If I get a new one, there is also the question of laptop vs. desktop. I love my laptop. I use it as a desktop mostly. But, I’m not sure if the keyboard of the laptop is as ergonomical as it could be for writing dissertations. Plus, I get the feeling that the laptop is shooting invisible, cancer-causing rays into my boobs, or uterus, depending on how I position the computer.
I found a mouse turd on my counter today. Prematurely, in my brain (because I have no one to talk to) when I moved in I exclaimed: “This place seems clean! For once this is a kitchen that doesn’t gross me out! I could cook here!” But now–the mouse turd–and everything has changed. First, maybe it wasn’t a mouse turd. Maybe it was from the frog. This is something I can handle, although I have a vague idea that frog turds look more like owl turds than mice turds in that they are sort of a bladder bag filled with the bones and cartilage of whatever the frog last consumed–exoskeletons of bugs, maybe. I have no hard knowledge to back this up.
In my brain (because there is no one to talk to) I have been saying “ass loads” a lot. This makes me miss Isaiah because with him there were always ass loads of things: ass loads of ketchup packets, ass loads of smog, ass loads of chicken garlic pizza, etc. And it occurs to me that all of this posting is the stuff that I would normally unload on him every night. Like, he would come home from work and absently play guitar or cuddle me as I chattered chattered chattered about the details of my day. He would nod and listen and avoid the places where I would try to trick him into an argument. In so many ways, we were playing out very stereotypical gender roles.
But back to the mouse turd, I have searched it out and there appears to be no way that a mouse could get on that counter, unless he has a hand glider. My hope is that it was a tiny burnt piece of rice, or some unfortunate looking particle that fell off some legitimate food source. Or, it is a actual mouse turd that some how made it on to my counter from when my stuff was in storage. Or, it is a real mouse turd from a mouse infestation here in my very own apartment. Lets hope it’s not the latter two. Lets hope that frog dumped a big ol’ Cleveland steamer right on my counter top next to the bowl of fruit.
I don’t want you to think that it is all bad here. It’s just that the negative creates more of an impetus to write.
In case you were wondering, I will be posting hourly. I have no one to talk to here. Just my neuroses and my laptop.
I live in what appears to be a pretty generic apartment complex for college students. Despite the fact that there are no play areas, there are a surprising number of children. Once in awhile I hear a yell from a voice that sounds like who you imagine a 35 year old crack whore, who looks 50, would sound like. After the yell, some older sporty car guns it through the parking lot at 50 mph or so.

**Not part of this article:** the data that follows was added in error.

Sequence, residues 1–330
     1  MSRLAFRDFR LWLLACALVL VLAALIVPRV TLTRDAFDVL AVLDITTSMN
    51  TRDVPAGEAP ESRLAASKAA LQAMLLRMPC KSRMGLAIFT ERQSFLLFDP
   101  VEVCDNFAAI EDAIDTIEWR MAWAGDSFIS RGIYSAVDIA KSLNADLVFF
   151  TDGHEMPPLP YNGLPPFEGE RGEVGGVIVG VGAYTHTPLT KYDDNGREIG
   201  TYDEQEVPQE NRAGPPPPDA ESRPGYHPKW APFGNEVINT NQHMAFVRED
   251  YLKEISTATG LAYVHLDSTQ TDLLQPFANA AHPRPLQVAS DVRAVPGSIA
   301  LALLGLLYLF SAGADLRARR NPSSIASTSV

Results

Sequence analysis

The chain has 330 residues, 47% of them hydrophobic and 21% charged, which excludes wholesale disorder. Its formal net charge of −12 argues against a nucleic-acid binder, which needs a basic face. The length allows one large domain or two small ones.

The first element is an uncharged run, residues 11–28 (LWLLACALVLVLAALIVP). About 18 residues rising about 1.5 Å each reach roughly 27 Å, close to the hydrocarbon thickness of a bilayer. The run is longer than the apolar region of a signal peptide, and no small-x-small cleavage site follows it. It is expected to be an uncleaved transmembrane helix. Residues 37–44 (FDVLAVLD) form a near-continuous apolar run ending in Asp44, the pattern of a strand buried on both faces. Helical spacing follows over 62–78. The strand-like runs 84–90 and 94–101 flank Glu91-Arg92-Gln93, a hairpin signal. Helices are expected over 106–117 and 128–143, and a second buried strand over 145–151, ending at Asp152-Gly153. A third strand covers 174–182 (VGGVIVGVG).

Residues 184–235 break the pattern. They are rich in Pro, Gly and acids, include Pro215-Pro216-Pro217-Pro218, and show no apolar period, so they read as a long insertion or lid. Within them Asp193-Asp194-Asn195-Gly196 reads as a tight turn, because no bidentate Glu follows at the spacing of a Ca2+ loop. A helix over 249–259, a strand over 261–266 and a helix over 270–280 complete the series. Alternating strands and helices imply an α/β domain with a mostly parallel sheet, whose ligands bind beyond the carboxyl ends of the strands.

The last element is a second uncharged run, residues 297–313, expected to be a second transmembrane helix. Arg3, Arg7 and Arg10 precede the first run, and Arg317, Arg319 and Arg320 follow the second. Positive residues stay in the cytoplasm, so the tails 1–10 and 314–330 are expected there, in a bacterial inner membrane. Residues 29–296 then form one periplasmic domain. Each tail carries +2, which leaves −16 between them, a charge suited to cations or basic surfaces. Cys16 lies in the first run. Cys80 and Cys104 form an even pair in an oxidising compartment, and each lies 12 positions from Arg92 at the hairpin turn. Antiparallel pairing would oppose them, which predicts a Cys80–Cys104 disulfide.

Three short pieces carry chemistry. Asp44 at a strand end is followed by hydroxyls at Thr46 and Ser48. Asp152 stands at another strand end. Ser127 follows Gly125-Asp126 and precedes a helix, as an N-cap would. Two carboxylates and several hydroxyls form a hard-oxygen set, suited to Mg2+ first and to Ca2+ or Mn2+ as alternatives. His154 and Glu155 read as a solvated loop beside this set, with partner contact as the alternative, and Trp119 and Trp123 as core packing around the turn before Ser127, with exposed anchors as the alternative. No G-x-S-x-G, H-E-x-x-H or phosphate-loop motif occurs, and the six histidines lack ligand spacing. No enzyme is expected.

Last night there was party of drunken WSU students. They screamed the f-word, fought, seriously talked each other out of sudden waves of depression, and cheered as they all took a round of shots, over and over and over again until I finally fell asleep at 3am. I find the mentally disabled to be unsettling. They are unpredictable, and I never know how to act around them.
You are probably asking yourself, why did she go to college if she so hates living around college students? That is a valid question, one that I will probably ask myself several times throughout the school year. If this lifestyle is intolerable, I will quit. This is a threat that I make often. The truth is that I don’t want to quit, but I also don’t want to be miserable for four years. My hope is that my time here will become pleasant and familiar. Please note that I searched high and low and there is no escaping them in this town. I did my best.
One bonus of living here is that I am exotic and beautiful. This is hard to talk about as I come across as irritatingly…I don’t know…whatever you just thought of me as you read that last line. But there really is something to it. Today at the grocery store, there were several couples of tall, handsome, strapping men with less attractive women. In Utah, the opposite was almost always true. Everyday so far, a stranger has done something to reaffirm to me that I am accepted and desirable. Strangers smile here. Strangers do not smile in Utah. Living in Utah for three years, I had about three serious dates. One per year. That is bad. One guy turned out to be mentally retarded. The other one had Aspergers. The last one worked and was actually quite smart, but was not long term or serious (evidently).
p.s. Tonight’s dinner was some severely raped chicken. Note to self: always pay full price for meat.
Coming soon…a list of things I miss from Utah.
In the meantime, I must say that it feels good to be back in my culture. Ahhhh Eastern Washington. Eastern Washington and Eastern Oregon are culturally very similar. Flipping a blonde ponytail goes a lot farther here than it did in Utah. I think it is true that men are better looking and women are worse-looking here, which obviously works in my favor. Also, when passing in hallway/sidewalk/aisle/whatever people make brief eye contact and give a vague smile. People are SO NICE here! In Utah, people (strangers) avoided of eye contact and never smiled. It was hard to get used to. I always felt rejected.